ROV Tim Woodard

2002 Statistics

Coach: Gary Nord
12-23, 3 years
2002 Record: 2-10
at Kentucky LOST 17-77
at Oklahoma LOST 0-68
at San Jose State LOST 24-58
at New Mexico State LOST 14-49
RICE WON 38-35
at Tulsa LOST 0-20
at Nevada LOST 17-23
SMU LOST 35-42
at Louisiana Tech LOST 24-38

2002 Final Rankings
AP-UR, Coaches-UR, BCS-UR

2003 Outlook

These ten words tell you all you need to know about UTEP football the last two seasons: "It was like we were fielding a JV football team." Spoken by head coach Gary Nord, they are the fruits of his labor of when he took over the program in 2000 season.

Having seen the quick-fix system of many junior college players recruited by previous UTEP coaches work to varying degrees of success, Nord decided to have UTEP again recruit high school players. Playing redshirt freshmen and sophomores against other teams' juniors and seniors is never a good idea. It's an even worse idea when many of the better players are sidelined by injury, as often happened in 2002's 2-10 campaign.

But, the plan is beginning to show results. Three Miners were named to WAC all-freshman team last season: running back Matt Austin, the linebacker Howard and defensive tackle Chris Mineo.

In the past, the Miners would pop up once in a while, have a good season, then sink back to mediocrity, or often worse when UTEP's coach would be lured elsewhere. Miner fans thought they had something special when Nord's first team won a share of the WAC title and earned a Humanitarian Bowl berth. And they still might. Or they might not. The back-to-back two-win seasons since then are all too familiar. The Miners have not won on the road, a span of 15 games, since that 2000 title season.

The question for Nord and his first class of recruits, which will be juniors this season, is this: Have the horrible and consistent losses the last two years done too much psychological damage? It's one thing to have talent, which Nord believes he is slowly beginning to accumulate. It's another thing entirely to turn around a program that has endured constant losing and teach said 18-22 year old talent how to win.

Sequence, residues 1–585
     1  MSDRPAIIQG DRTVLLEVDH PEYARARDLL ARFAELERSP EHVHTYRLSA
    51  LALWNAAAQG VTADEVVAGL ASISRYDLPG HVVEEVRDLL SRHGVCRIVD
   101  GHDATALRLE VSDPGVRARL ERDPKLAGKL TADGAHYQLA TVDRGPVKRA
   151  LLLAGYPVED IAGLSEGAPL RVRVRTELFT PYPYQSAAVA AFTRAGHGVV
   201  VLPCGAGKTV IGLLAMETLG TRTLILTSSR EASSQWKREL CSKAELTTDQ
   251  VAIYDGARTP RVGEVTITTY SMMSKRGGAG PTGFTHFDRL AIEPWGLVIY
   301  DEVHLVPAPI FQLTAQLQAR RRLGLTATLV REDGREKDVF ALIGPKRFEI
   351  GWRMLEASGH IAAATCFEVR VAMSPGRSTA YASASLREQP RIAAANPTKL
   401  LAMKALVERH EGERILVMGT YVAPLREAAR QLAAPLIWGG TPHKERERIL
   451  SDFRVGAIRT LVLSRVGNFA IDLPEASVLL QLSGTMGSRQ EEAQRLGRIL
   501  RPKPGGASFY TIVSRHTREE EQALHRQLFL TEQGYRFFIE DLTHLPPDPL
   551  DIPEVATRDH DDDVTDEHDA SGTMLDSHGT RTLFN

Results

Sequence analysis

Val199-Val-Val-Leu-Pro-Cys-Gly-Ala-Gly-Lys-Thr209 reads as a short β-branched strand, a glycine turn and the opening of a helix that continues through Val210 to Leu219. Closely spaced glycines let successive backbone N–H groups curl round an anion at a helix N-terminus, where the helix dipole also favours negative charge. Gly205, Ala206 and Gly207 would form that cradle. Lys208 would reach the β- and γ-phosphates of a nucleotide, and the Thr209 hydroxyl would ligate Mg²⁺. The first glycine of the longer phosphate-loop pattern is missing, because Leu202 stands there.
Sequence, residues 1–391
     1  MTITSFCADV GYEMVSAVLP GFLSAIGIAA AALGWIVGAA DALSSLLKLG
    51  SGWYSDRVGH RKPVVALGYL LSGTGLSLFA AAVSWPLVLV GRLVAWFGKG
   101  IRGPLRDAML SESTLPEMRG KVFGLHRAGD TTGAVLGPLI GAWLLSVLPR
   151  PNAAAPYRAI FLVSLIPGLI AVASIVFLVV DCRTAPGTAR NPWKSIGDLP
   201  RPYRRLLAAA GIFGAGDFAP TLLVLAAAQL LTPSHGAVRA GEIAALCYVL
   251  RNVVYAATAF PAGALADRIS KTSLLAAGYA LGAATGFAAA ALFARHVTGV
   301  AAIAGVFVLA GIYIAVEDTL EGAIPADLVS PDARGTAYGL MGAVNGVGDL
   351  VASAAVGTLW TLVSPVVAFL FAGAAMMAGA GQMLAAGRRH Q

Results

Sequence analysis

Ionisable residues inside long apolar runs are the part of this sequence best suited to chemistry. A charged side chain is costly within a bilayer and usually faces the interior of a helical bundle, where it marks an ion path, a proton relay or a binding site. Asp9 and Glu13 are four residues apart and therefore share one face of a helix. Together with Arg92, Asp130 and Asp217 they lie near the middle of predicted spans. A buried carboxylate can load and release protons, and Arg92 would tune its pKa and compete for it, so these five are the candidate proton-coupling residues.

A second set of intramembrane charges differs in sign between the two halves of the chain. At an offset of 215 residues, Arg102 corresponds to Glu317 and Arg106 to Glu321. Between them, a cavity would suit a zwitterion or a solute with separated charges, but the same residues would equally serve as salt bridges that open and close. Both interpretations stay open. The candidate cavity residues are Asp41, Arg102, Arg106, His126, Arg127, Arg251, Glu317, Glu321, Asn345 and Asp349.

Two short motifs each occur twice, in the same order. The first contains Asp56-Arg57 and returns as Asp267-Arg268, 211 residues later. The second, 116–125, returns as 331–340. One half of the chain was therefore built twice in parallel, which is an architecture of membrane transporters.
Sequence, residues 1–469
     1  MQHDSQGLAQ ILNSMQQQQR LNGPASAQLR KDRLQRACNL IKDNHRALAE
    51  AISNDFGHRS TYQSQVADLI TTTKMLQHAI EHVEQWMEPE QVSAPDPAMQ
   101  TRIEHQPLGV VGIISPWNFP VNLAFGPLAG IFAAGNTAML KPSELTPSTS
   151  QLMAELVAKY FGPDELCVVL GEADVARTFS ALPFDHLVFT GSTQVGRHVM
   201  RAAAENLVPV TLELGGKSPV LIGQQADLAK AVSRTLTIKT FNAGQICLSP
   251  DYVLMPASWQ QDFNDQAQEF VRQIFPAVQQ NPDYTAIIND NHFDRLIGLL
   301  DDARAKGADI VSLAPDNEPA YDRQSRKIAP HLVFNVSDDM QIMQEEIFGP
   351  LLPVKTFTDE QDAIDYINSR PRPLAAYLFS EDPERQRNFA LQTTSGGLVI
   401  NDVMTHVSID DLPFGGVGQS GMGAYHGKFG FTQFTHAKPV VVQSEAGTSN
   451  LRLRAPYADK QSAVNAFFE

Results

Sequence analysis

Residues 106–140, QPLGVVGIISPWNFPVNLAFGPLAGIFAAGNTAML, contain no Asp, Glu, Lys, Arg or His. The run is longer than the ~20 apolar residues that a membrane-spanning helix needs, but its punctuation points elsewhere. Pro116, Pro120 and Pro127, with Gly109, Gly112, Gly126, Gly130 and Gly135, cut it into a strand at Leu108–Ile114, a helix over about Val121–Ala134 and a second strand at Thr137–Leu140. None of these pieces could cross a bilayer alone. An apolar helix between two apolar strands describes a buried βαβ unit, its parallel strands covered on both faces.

By next year, the Miners might learn to do that. More than likely, it will be another long season. In another few years, if Nord is able of winning enough to stick around, maybe UTEP will be more than a blip on the radar every now and again. Not this time, though. The 2003 season looks like another learning experience for a still-young team. Flashes of unanticipated quality play will arise enough, though, to increase the light at their tunnel's end (something real "Miners" always appreciate).

Projected 2003 record: 2-10
QB - 1.5 DL - 1.5
RB - 2 LB - 1
WR - 2 DB - 1.5
OL - 1.5 ..

Passing: Omar Duarte, 161-79-4, 1000 yds., 6 TD

Rushing: Howard Jackson, 173 att., 844 yds., 7 TD

Receiving: Chris Francies, 27 rec., 347 yds., 1 TD

Scoring: Keith Robinson, 8-12 FG, 28-28 PAT, 52 pts.

Punting: Bryce Benekos, 70 punts, 40.8 avg.

Kicking: Keith Robinson, 8-12 FG, 28-28 PAT, 52 pts.

Tackles: Tim Woodard, 108 tot., 70 solo

Sacks: Tim Woodard, 4.5 sacks

Interceptions: Jahmal Fenner, 3 for 24 yds.

Kickoff returns: Howard Jackson, 23 ret., 22.0 avg.

Punt returns: Jahmal Fenner, 25 ret., 8.9 avg.


DT Dan Kerr
OFFENSE: Sherman Austin-RB, Curtis Castle-OG, Aaron Egbele-WR, Ariel Famaligi-OT, Terrance Minor-WR
DEFENSE: Weldon Cooks-CB, Rick Fette-DE, Mike Hanna-DT, Kamul High-DE, Camar Jackson-WLB, Alex Ross-CB, Paul Smith-SS, D.J. Walker-FS, Gabe Williams-DL, Bubba Wiseman-MLB